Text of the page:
I’ve not posted for some time. But, Jeremiah called me back again. I needed some time for meditation.
Once I start reading Jeremiah again, I was reminded how scripture continually calls us back. This morning, I needed to connect to human experiences much older than my own. I’m picking up my walk with Jeremiah with chapter six (6).
Who hasn’t felt madness listening to American politics? It doesn’t matter which party or ideology you ascribe to. The partisan nature of our political scene and the circus that money and media have made of public opinion and national feeling can leave anyone with this sense of grief. Jeremiah apparently felt that way, too.
To whom shall I speak and give warning, that they may hear? See, their ears are closed, they cannot listen. The word of the Lord is to them an object of scorn; they take no pleasure in it. But, I am full of the wrath of the Lord; I am weary holding it in. (vs 10-11a)
Most of us hold to our political perspectives with the same fervency Jeremiah did to God’s word and its clarity. There is a reason why religion and politics equally offend in today’s dominant norms of decency. Jeremiah’s religious language gives some of us a false sense of difference. Forget that this is the bible. Remember that Jesus hadn’t been born yet. Remember, prophets were mouthpieces for the covenant of God’s people with God. That is the contract that birthed their nation. Jeremiah is explicitly talking about his political point of view, which he sees in relief of God’s vision for reality.
For from the least to the greatest of them, everyone is greedy for unjust gain; and from prophet to priest, everyone deals falsely. They have treated the wound of my people carelessly, saying ‘Peace, peace,’ when there is no peace…[H]ear, o nation, and know O congregation, what will happen…(vs 13-14)
It struck me that the angst and helplessness we feel for the direction and politics of our nation, even communities, is ancient. It doesn’t matter if you see our foundation as the word of God, the Constitution, universal human rights, or Locke and Rousseau’s social contract. Who hasn’t grieved over the injustices and corruption they see? Who hasn’t felt the fear from signs of instability, irrational decisions, and the plight of those powerless to rise up and correct inequities? I hear this grief from both liberal and conservative. Each has their definition of injustice. Each has their definition of rationality. Each has their definition of inequity. Each has their scapegoat and theory of inequities.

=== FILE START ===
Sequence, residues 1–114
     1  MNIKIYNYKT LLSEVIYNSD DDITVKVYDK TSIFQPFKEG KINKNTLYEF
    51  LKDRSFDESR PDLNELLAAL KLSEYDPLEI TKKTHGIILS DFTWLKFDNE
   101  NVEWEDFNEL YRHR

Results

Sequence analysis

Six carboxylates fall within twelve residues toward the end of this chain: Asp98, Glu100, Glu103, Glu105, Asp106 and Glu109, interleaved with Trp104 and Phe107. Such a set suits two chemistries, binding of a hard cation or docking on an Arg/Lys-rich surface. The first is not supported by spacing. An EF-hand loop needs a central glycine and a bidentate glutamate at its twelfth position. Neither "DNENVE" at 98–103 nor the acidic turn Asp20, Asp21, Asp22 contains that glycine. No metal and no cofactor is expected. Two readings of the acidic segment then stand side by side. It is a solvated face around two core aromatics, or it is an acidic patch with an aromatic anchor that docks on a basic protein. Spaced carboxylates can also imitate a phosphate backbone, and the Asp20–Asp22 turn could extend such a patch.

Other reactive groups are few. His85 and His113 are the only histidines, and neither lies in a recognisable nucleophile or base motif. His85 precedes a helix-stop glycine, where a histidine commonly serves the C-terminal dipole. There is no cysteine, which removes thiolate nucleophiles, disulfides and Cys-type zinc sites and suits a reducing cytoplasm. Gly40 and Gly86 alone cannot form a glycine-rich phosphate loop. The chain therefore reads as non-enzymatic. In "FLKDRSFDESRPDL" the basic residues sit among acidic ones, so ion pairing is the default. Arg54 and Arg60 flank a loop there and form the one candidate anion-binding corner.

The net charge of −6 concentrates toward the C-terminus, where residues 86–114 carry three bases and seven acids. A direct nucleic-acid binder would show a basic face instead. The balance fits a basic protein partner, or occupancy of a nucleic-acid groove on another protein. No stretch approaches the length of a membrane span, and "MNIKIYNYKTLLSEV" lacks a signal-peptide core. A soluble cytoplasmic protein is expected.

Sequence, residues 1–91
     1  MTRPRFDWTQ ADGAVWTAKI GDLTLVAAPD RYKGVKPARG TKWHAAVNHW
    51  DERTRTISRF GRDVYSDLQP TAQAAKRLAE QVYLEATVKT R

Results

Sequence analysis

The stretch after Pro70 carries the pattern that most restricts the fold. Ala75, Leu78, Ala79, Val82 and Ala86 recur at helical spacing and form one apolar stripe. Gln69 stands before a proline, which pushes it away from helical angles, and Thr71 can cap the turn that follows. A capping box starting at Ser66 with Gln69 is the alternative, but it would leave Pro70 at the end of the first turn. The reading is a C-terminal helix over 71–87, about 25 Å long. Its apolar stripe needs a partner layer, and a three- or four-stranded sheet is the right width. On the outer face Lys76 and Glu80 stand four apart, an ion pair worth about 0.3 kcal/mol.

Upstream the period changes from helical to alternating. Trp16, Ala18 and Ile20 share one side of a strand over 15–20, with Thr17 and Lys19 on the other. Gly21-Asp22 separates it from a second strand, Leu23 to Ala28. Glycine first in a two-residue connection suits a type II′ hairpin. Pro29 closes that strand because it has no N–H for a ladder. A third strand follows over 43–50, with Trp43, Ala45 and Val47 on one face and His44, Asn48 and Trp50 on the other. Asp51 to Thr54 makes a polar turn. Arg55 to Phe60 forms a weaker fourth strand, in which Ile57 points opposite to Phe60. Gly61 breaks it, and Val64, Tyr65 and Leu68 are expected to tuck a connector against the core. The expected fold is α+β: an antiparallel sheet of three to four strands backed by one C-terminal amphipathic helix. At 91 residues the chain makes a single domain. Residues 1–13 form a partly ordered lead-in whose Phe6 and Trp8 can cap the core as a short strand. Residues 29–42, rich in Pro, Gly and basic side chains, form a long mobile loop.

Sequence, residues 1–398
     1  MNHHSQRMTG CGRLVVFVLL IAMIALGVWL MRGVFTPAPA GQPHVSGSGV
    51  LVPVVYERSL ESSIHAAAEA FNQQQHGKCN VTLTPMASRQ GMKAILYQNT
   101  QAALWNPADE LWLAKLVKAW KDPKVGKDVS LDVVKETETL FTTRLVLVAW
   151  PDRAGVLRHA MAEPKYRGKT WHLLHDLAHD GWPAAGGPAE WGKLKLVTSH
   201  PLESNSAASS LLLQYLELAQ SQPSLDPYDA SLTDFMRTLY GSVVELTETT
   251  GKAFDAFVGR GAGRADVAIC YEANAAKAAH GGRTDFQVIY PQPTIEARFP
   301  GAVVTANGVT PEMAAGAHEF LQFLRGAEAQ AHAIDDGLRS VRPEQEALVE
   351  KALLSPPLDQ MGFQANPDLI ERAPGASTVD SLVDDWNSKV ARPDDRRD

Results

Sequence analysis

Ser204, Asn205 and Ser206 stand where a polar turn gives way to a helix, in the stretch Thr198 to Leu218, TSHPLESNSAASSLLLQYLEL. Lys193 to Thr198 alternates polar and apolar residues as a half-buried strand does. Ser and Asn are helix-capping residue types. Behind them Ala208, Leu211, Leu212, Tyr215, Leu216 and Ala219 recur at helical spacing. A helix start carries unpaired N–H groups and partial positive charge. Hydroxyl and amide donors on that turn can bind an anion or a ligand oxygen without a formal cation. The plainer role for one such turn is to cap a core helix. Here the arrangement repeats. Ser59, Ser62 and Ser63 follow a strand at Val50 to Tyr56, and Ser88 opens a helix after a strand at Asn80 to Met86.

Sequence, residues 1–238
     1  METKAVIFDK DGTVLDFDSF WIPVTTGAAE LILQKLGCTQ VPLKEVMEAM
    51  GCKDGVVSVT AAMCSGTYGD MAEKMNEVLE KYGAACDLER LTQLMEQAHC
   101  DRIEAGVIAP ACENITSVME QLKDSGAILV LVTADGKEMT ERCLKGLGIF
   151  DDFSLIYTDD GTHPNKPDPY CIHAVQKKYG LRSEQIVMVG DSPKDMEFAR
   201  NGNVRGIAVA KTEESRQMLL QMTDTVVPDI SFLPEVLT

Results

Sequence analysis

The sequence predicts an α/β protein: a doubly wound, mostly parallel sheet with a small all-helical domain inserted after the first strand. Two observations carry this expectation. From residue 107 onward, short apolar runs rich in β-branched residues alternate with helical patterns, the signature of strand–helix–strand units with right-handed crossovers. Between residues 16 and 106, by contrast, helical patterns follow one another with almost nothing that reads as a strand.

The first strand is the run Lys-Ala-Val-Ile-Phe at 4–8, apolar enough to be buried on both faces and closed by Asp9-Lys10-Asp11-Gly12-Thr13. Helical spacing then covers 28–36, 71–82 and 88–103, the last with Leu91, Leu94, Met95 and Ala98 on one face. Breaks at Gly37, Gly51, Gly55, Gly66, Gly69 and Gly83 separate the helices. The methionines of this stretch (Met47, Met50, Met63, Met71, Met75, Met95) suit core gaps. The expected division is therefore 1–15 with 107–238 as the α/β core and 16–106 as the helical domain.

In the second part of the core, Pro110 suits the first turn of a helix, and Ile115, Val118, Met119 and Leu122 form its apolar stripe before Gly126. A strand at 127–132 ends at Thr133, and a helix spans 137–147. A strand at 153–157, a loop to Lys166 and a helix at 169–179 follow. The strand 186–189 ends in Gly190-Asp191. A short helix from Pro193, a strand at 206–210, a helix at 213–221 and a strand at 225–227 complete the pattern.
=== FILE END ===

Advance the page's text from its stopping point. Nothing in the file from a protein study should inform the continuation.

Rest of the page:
As a Christian socialist and/or social democrat, I, too, fall on this spectrum. And, I see the folly of our partisan blame-games.
They are all stubbornly rebellious, going about with slanders…(vs 28a)
In response, Jeremiah offers a strangely prophetic counsel:
Stand at the crossroads, and look, and ask for the ancient paths, where the good way lies; and walk in it an find rest for your souls.
What are those ancient ways? What, exactly, is this crossroads? My soul seems to know without argument or passion. Perhaps, a still small voice might say it this way:
It’s the humble way. Neither self-righteous nor divided, the good way is neither silent nor partisan. It is where justice entwines you and I in a common welfare. It is where peace is waged for the sake of the most vulnerable, among which are each others’ elderly parents and youngest children. It is where our trust merges in the form of a covenant, in which our wealth and welfare is not in competition, but where the only win is win-win.
I’m reminded of Community of Christ’s Doctrine and Covenants 163:4a-c:
God, the Eternal Creator, weeps for the poor, displaced, mistreated, and diseased of the world because of their unnecessary suffering. Such conditions are not God’s will. Open your ears to hear the pleading of mothers and fathers in all nations who desperately seek a future of hope for their children. Do not turn away from them. For in their welfare resides your welfare.
The earth, lovingly created as an environment for life to flourish, shudders in distress because creation’s natural and living systems are becoming exhausted from carrying the burden of human greed and conflict. Humankind must awaken from its illusion of independence and unrestrained consumption without lasting consequences.
Let the educational and community development endeavors of the church equip people of all ages to carry the ethics of Christ’s peace into all arenas of life. Prepare new generations of disciples to bring fresh vision to bear on the perplexing problems of poverty, disease, war, and environmental deterioration. Their contributions will be multiplied if their hearts are focused on God’s will for creation.